IDEAS home Printed from https://ideas.repec.org/
MyIDEAS: Login to save this paper or follow this series

Transmission Rights and Market Power on Electric Power Networks. II: Physical Rights

  • Joskow, Paul L
  • Tirole, Jean

We examine whether and how the allocation of physical rights to utilize congested transmission links affects the behavior of electricity generators and electricity consumers with market power in the electricity market. The paper extends the analysis of financial transmission rights contained in a companion paper to the physical rights case. The analysis recognizes that the ultimate allocation of transmission rights is endogenous, depending both on whether transmission rights can enhance market power and the microstructure of the rights market. Three alternative rights market microstructures are examined. The analysis initially focuses on a two-node network where there are cheap supplies available in an exporting region, expensive supplies in an importing region, and a congested transmission link betveen the two regions. Several other market power configurations are examined in less detail. The allocation of physical rights can cause production inefficiency due to withholding of physical rights from the market, an effect that is not observed for financial rights. Extension to a three-node network to allow for loopflows does not change the basic results, but does reveal complications associated with the creation of and accounting for physical transmission rights when there is loop flow. Alternative ``capacity release'' rules are considered as a response to rights withholding problems. The paper concludes with a comparison of the welfare properties of financial and physical rights from a market power enhancement perspective.

If you experience problems downloading a file, check if you have the proper application to view it first. In case of further problems read the IDEAS help page. Note that these files are not on the IDEAS site. Please be patient as the files may be large.

File URL: http://www.cepr.org/active/publications/discussion_papers/dp.php?dpno=2087
Download Restriction: CEPR Discussion Papers are free to download for our researchers, subscribers and members. If you fall into one of these categories but have trouble downloading our papers, please contact us at subscribers@cepr.org

As the access to this document is restricted, you may want to look for a different version under "Related research" (further below) or search for a different version of it.

Paper provided by C.E.P.R. Discussion Papers in its series CEPR Discussion Papers with number 2087.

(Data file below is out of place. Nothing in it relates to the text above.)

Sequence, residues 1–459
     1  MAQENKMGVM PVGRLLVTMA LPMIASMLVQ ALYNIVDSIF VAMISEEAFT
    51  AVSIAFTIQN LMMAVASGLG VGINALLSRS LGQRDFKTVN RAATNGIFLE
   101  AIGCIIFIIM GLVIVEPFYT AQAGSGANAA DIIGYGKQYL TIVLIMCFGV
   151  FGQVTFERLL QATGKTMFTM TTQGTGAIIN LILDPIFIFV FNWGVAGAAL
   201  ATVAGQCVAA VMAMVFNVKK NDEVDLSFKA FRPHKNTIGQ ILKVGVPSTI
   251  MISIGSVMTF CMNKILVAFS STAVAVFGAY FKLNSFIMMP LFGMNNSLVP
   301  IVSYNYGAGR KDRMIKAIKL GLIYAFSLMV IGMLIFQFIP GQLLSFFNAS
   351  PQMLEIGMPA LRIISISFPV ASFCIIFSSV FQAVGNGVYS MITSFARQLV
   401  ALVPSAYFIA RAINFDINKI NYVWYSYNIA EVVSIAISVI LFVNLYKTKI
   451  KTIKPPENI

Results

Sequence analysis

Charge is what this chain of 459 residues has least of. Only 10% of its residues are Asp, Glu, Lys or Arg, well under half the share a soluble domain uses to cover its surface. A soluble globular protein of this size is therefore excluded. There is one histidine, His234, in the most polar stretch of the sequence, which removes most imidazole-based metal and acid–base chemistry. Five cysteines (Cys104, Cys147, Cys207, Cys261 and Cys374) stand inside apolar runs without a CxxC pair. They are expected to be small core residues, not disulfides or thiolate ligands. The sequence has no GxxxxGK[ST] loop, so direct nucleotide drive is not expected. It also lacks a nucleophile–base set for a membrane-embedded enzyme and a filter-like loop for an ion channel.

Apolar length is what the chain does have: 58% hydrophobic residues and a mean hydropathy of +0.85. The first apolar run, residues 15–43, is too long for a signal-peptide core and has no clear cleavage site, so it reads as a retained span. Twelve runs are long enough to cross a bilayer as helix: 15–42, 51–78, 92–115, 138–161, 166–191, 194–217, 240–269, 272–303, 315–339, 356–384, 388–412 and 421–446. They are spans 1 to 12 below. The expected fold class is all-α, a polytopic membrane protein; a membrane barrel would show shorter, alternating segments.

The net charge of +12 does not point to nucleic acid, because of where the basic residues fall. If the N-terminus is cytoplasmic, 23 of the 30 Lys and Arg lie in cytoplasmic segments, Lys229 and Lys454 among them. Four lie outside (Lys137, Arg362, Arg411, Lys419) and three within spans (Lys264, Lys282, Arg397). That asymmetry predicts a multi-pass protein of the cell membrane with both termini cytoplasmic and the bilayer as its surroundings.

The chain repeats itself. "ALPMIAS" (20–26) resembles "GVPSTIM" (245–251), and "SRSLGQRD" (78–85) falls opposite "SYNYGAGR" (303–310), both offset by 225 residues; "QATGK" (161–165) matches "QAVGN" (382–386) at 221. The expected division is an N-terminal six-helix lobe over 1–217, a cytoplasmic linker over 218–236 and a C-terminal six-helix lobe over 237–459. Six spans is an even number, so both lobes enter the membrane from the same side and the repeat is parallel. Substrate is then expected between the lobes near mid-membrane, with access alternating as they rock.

as
in new window

Length:
Date of creation: Feb 1999
Date of revision:
Handle: RePEc:cpr:ceprdp:2087
Contact details of provider: Postal: Centre for Economic Policy Research, 77 Bastwick Street, London EC1V 3PZ.
Phone: 44 - 20 - 7183 8801
Fax: 44 - 20 - 7183 8820

Order Information: Email:


References listed on IDEAS
Please report citation or reference errors to , or , if you are the registered author of the cited work, log in to your RePEc Author Service profile, click on "citations" and make appropriate adjustments.:

as in new window
  1. Chao, Hung-Po & Peck, Stephen, 1996. "A Market Mechanism for Electric Power Transmission," Journal of Regulatory Economics, Springer, vol. 10(1), pages 25-59, July.
  2. Hogan, William W, 1992. "Contract Networks for Electric Power Transmission," Journal of Regulatory Economics, Springer, vol. 4(3), pages 211-42, September.
  3. Joskow, Paul L & Tirole, Jean, 1999. "Transmission Rights and Market Power on Electric Power Networks I: Financial Rights," CEPR Discussion Papers 2093, C.E.P.R. Discussion Papers.
  4. Bushnell, James, 1999. "Transmission Rights and Market Power," The Electricity Journal, Elsevier, vol. 12(8), pages 77-85, October.
Full references (including those not matched with items on IDEAS)

This item is not listed on Wikipedia, on a reading list or among the top items on IDEAS.

When requesting a correction, please mention this item's handle: RePEc:cpr:ceprdp:2087. See general information about how to correct material in RePEc.

For technical questions regarding this item, or to correct its authors, title, abstract, bibliographic or download information, contact: ()

If you have authored this item and are not yet registered with RePEc, we encourage you to do it here. This allows to link your profile to this item. It also allows you to accept potential citations to this item that we are uncertain about.

If references are entirely missing, you can add them using this form.

If the full references list an item that is present in RePEc, but the system did not link to it, you can help with this form.

If you know of missing items citing this one, you can help us creating those links by adding the relevant references in the same way as above, for each refering item. If you are a registered author of this item, you may also want to check the "citations" tab in your profile, as there may be some citations waiting for confirmation.

Please note that corrections may take a couple of weeks to filter through the various RePEc services.

This information is provided to you by IDEAS at the Research Division of the Federal Reserve Bank of St. Louis using RePEc data.